Emotional Objects and Why We Love Them

Last updated on 20 February 2022

We respond emotionally to many aspects of physical objects. Here are three that digital things still don’t have.

I got a thank-you note in the mail today.

A couple of great friends sent it after crashing at my place in Amsterdam for the weekend. They could have sent an e-mail, or a Facebook message, or an SMS, or a Tweet. But they didn’t. They put pen to paper and wrote a real thank-you note.

Pulling it out of the mailbox, seeing the envelope’s hand writing, I knew what it was. My heart rate quickened as I climbed the stairs to my apartment, sealed envelope clutched in hand. I got inside, dropped my bag of groceries on the kitchen table, and admired it for a moment.

The words “Life is a journey” were taped around the envelope’s border. An Air Mail sticker accompanied a Royal Mail stamp. My name an address were penned in bright blue ink, written in light, flowing print letters that sometimes feel like cursive.

An opened envelope with a postcard and handwritten letter peeking out of the top
E-mail never feels this good.

Opening the envelope, reading the card and letter, I took a moment to reflect on why it felt so special to get this, rather than an e-mail. What makes this card and letter so great? Will we ever get the same satisfaction from digital things?

Physical objects stimulate us in three ways that digital things do not: physicality, presence, and craft.

Physicality: You Can’t Smell an E-mail.

Most directly, we can perceive physical artifacts with all our basic senses. Digital things stimulate just two (for now). Sure, you can feel the weight and texture of e.g. an iPad while reading an e-mail, but the e-mail itself is just information and has no body of its own.

A letter, however, is written in ink on paper, which have weight, texture, color, smell, sound, and even interaction. We choose thick paper for formal invitations. We spray perfume on love letters. We fold notes to pass in class. Calligraphy with a quill digs thin grooves into a sheet of paper, while a brush leaves an irregular topography of ink on a sheet’s surface.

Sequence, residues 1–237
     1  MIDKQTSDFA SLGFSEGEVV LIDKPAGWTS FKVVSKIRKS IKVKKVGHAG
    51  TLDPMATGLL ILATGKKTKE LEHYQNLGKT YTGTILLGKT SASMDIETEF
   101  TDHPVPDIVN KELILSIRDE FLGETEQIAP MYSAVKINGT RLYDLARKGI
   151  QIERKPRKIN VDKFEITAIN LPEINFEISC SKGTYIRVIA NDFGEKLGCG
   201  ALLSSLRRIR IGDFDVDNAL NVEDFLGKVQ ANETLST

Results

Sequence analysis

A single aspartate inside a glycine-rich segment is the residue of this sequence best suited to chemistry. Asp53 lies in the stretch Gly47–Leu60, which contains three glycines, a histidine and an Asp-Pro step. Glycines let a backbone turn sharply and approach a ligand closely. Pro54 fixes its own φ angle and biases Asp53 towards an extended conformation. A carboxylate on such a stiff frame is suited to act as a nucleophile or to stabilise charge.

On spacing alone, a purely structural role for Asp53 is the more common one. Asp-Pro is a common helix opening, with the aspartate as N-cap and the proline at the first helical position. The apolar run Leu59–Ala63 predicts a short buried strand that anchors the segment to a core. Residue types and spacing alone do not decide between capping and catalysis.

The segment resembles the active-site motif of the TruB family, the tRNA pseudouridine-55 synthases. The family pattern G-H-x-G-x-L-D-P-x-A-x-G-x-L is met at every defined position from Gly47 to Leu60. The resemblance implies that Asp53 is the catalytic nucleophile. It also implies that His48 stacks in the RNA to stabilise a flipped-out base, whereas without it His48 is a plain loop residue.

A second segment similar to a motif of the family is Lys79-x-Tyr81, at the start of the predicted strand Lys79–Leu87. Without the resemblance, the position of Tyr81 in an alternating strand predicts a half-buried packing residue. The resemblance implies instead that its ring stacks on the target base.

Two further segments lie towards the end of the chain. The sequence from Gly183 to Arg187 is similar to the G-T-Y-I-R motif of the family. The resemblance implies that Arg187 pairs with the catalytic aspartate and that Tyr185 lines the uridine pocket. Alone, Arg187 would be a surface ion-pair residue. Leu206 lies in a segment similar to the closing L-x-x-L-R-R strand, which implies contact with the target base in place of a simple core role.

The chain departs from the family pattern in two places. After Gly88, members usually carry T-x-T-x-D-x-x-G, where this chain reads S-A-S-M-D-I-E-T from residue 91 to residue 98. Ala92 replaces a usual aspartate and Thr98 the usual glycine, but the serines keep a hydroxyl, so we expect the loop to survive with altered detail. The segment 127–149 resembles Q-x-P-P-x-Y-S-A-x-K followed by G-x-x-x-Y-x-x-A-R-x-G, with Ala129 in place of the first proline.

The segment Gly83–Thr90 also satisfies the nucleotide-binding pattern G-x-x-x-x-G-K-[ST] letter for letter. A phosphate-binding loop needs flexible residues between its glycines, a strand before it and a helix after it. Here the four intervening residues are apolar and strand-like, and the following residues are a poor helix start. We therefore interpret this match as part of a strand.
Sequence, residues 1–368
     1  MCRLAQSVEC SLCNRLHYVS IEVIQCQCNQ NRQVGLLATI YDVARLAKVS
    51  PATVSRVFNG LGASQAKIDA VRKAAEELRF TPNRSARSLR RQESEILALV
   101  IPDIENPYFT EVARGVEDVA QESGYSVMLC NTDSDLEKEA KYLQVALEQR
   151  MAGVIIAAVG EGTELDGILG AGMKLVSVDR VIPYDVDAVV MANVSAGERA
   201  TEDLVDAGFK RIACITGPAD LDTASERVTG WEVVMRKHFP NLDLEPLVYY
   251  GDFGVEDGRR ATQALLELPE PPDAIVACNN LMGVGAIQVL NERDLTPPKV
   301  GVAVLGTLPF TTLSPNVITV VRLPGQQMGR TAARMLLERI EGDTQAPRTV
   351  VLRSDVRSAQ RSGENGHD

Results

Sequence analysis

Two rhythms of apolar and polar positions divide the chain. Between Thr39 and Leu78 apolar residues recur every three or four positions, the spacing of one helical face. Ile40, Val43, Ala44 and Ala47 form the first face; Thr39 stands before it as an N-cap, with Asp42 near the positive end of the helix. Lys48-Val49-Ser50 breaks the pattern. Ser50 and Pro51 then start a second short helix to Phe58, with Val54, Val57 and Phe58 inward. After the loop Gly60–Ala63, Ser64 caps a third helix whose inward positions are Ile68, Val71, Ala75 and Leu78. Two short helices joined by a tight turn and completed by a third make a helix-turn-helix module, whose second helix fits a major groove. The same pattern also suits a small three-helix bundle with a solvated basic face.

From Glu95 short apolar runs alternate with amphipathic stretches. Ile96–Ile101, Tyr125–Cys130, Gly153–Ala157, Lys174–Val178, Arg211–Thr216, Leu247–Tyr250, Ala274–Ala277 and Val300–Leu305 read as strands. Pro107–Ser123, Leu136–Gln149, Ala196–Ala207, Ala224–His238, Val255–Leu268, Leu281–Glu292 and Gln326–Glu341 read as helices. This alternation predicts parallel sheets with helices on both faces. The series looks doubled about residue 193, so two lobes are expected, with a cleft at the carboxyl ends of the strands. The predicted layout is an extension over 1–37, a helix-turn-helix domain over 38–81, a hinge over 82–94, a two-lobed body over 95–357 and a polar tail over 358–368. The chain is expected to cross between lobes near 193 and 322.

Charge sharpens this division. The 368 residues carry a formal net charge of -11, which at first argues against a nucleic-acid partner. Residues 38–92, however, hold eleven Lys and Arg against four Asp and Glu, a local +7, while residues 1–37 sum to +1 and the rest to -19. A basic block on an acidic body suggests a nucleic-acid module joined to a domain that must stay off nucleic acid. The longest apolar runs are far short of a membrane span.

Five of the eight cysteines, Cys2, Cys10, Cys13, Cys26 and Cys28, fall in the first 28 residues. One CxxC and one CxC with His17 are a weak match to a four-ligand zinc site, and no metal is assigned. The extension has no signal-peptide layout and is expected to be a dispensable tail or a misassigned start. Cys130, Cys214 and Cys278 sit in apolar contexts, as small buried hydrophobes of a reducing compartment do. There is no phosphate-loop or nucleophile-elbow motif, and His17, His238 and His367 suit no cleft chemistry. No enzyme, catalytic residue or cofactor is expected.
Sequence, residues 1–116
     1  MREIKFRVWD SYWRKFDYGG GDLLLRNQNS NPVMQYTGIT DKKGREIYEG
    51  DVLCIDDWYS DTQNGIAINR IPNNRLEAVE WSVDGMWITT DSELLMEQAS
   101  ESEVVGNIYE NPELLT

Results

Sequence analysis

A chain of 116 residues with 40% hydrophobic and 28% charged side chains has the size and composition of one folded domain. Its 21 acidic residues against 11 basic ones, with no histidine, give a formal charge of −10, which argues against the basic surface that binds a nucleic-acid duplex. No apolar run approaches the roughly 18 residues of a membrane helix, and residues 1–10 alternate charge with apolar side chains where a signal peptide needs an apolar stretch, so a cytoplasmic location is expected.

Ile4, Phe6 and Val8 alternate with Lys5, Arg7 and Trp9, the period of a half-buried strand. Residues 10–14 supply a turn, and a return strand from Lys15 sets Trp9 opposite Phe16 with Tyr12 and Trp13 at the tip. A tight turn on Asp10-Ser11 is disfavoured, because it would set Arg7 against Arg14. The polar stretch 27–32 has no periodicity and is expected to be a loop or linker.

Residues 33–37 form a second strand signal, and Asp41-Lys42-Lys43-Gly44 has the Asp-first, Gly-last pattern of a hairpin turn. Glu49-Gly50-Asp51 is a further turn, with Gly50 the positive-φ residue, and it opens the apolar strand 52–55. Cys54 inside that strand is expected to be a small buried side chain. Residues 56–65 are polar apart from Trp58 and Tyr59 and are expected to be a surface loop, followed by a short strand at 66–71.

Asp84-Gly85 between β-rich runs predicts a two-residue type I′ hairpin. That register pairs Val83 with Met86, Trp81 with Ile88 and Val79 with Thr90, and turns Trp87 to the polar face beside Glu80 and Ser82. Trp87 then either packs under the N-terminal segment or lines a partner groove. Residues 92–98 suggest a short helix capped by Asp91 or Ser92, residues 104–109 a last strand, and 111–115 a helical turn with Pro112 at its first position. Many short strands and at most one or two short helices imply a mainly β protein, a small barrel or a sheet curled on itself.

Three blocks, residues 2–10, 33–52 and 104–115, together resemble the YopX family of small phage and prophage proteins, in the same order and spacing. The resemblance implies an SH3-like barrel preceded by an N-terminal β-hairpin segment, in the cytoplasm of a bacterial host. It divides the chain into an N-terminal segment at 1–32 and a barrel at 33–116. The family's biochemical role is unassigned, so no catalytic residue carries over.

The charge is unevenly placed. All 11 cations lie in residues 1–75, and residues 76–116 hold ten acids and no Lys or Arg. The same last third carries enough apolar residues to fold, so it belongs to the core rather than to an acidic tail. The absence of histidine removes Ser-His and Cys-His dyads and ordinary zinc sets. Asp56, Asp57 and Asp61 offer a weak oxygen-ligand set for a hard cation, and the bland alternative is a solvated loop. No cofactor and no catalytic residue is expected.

Presence: An Old Book Has Been Somewhere You Haven’t.

Because of their physicality, objects are also present in space and time, so each has its own history. A few years ago, someone special to me mailed me a book she had been reading on a trip in Southeast Asia. She wrote a note inside the cover, describing her travels, and Vietnamese sand trickled out from between the pages. As I read the book myself, I imagined her reading it on the beach, spilling drops of tea on it, and cradling it in her arms as she ran to shelter from the rain.

My copy of Göthe's Werke from 1829

More recently, I found a copy of a book with Göthe’s complete works, published in 1829. At that time, Göthe himself was still alive, and the book was most likely printed on a steam press in Munich, Germany. Whoever owned it then is certainly no longer alive, and books aren’t printed that way anymore. Whatever it has been through, this book now lives in my library.

Craft: It Takes Work to Write a Letter.

Besides their physicality and history, it also take more effort to craft physical objects. Digital messaging is simple. That’s one reason why it’s so popular; the decisions we make when writing an e-mail are all about the content of the message, rather than its form.

However, lots of decisions go into crafting the form of a physical message. From large, conscious ones to smaller, sub-conscious ones, we decide about every aspect of it. Will I use a pen, pencil, brush, or piece of charcoal? What kind of paper will I use? Print, cursive, or calligraphy? Do I close the tail on this letter g, or leave it open?

In this way, the form is itself a message. Your partner’s shopping list is scrawled in ballpoint pen on a sticky note, but wedding invitations are hand-drawn calligraphy on thick, embossed paper. It’s the difference between instant noodles and a holiday feast.

Physical Versus Digital?

Nobody is saying that digital things are worthless! On the contrary, digital things can be more valuable than physical things in many ways. They are easier to create and use, copying them costs nothing, and they are available everywhere almost instantly.

Digital things are just so ethereal and new that our paleolithic brains don’t process them as well as the physical world for which we evolved. Thankfully, the Internet of Things aims to achieve the best of both worlds by bestowing digital superpowers to physical objects. By better combining the digital with the physical, we can use perception, presence, and craft to inspire people’s emotional connection without sacrificing the benefits of digitality.

Until then, I leave you with these words from a dear friend:

“Letters are the best envoy of soft-hearted sentiments.”

Emma Sedlak

Note: I originally posted this in the UX Collective on 22 September, 2014.